Title Crimes (Aviation) Bill 1991
Database Bills Digests
Date 14-08-1991
Source Bills Digest Service
Parl No. 36
Citation Id CPJ00
Item Online Text: 831930
Key item Yes
Major subject Crimes against persons
Aircraft
Violent crime
Crimes against property
Minor subject Bills
Airports
Safety
Pages (4p)
System Id legislation/billsdgs/CPJ00


Crimes (Aviation) Bill 1991

House: House of Representatives Portfolio: Attorney- General Purpose To consolidate the provisions of the Civil Aviation (Offenders on International Aircraft) Act 1970 ; the Crimes (Aircraft) Act 1963; the Crimes (Hijacking of Aircraft) Act 1972 ; and the Crimes (Protection of Aircraft) Act 1973.

Background Australia is a signatory to a number of multilateral treaties covering specific types of violent acts directed against international civil aircraft, their passengers and crew and civil airports and airport installations. These treaties include: the Convention on Offences and certain other Acts Committed on Board Aircraft (the Tokyo Convention of 1963); the Convention for the Suppression of Unlawful Seizure of Aircraft (the Hague Convention of 1970); and the Convention for the Suppression of Unlawful Acts against the Safety of Civil Aviation (the Montreal Convention of 1971). The aim of these is to co- ordinate international judicial measures to ensure that offenders are brought to justice somewhere. The Crimes (Aircraft) Act 1963, Civil Aviation (Offenders on International Aircraft) Act 1970, Crimes (Hijacking of Aircraft) Act 1972 and Crimes (Protection of Aircraft) Act 1973 gives effect at Australian law to Australia's obligations under the above conventions.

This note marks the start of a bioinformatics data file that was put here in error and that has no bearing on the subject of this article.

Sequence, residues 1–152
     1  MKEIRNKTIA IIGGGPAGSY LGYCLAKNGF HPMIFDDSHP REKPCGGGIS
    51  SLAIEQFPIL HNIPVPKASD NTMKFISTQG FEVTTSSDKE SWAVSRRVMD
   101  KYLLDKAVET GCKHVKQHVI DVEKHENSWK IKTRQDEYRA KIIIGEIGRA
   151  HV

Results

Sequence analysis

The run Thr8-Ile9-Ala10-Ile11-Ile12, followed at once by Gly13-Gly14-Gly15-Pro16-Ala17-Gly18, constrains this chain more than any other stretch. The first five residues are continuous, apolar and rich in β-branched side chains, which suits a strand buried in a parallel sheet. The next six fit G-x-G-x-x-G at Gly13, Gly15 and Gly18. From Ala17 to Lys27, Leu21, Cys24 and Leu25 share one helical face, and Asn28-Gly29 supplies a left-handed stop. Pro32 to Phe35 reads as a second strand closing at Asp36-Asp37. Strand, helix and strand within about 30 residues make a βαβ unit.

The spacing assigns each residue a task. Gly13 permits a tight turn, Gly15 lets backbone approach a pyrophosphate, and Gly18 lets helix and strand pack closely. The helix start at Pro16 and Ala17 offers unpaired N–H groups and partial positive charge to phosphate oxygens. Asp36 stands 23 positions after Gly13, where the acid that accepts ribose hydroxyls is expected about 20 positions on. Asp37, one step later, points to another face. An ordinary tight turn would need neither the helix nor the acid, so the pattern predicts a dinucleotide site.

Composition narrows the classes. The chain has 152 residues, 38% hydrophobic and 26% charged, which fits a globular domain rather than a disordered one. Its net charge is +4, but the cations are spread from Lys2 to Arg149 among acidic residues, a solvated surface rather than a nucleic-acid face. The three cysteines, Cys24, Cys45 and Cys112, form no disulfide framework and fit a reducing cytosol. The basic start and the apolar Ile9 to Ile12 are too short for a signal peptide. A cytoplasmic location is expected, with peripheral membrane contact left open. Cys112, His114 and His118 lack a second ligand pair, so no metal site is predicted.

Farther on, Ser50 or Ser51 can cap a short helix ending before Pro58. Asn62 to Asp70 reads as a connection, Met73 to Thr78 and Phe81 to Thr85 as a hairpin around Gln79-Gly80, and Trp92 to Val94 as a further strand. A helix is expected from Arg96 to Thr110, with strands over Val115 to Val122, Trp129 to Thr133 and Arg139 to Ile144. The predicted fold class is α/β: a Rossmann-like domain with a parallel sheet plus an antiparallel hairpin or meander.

Outline of Main Provisions of the Tokyo, Hague and Montreal Conventions Article 1 of the Tokyo Convention of 1963 limits the Convention's application to offences against penal law and acts which, whether or not they constitute offences, may or do jeopardise the safety of the aircraft or of persons or property therein, or which jeopardise good order and discipline on board (Article 1.1). Article 1.2 requires that the jeopardising offences or acts be done by a person on board an aircraft registered in a country which is a party to the Convention, while that aircraft is in flight, on the surface of the high seas, or of any other area outside the territory of any State (Article 1.2). Articles 5- 10 give an aircraft commander certain powers of control within their aircraft, including the power to restrain a person where they have reasonable grounds for believing that a person has committed, or is about to commit, an offence or act contemplated by Article 1. Article 11 deals with hijacking and provides that "When a person on board has unlawfully committed by force or threat thereof an act of interference, seizure or other wrongful exercise of control of an aircraft in flight, or when such an act is about to be committed, Contracting States (parties to the Convention) shall take all appropriate measures to restore control of the aircraft to its lawful commander or to preserve his control of the aircraft". Article 12 requires parties to the Convention to allow an aircraft commander to disembark any person considered by the commander to be responsible for an unlawful act under Article 11. (Note: The Tokyo Convention, unlike the Hague Convention or the Montreal Convention, imposes no obligation on a party to the Convention, where an aircraft on which an offence has been committed lands in its territory, either to prosecute the offender or to hand the offender over to a party to the Convention prepared to prosecute them.) The text of the Convention is set out in Schedule 4 of this Bill.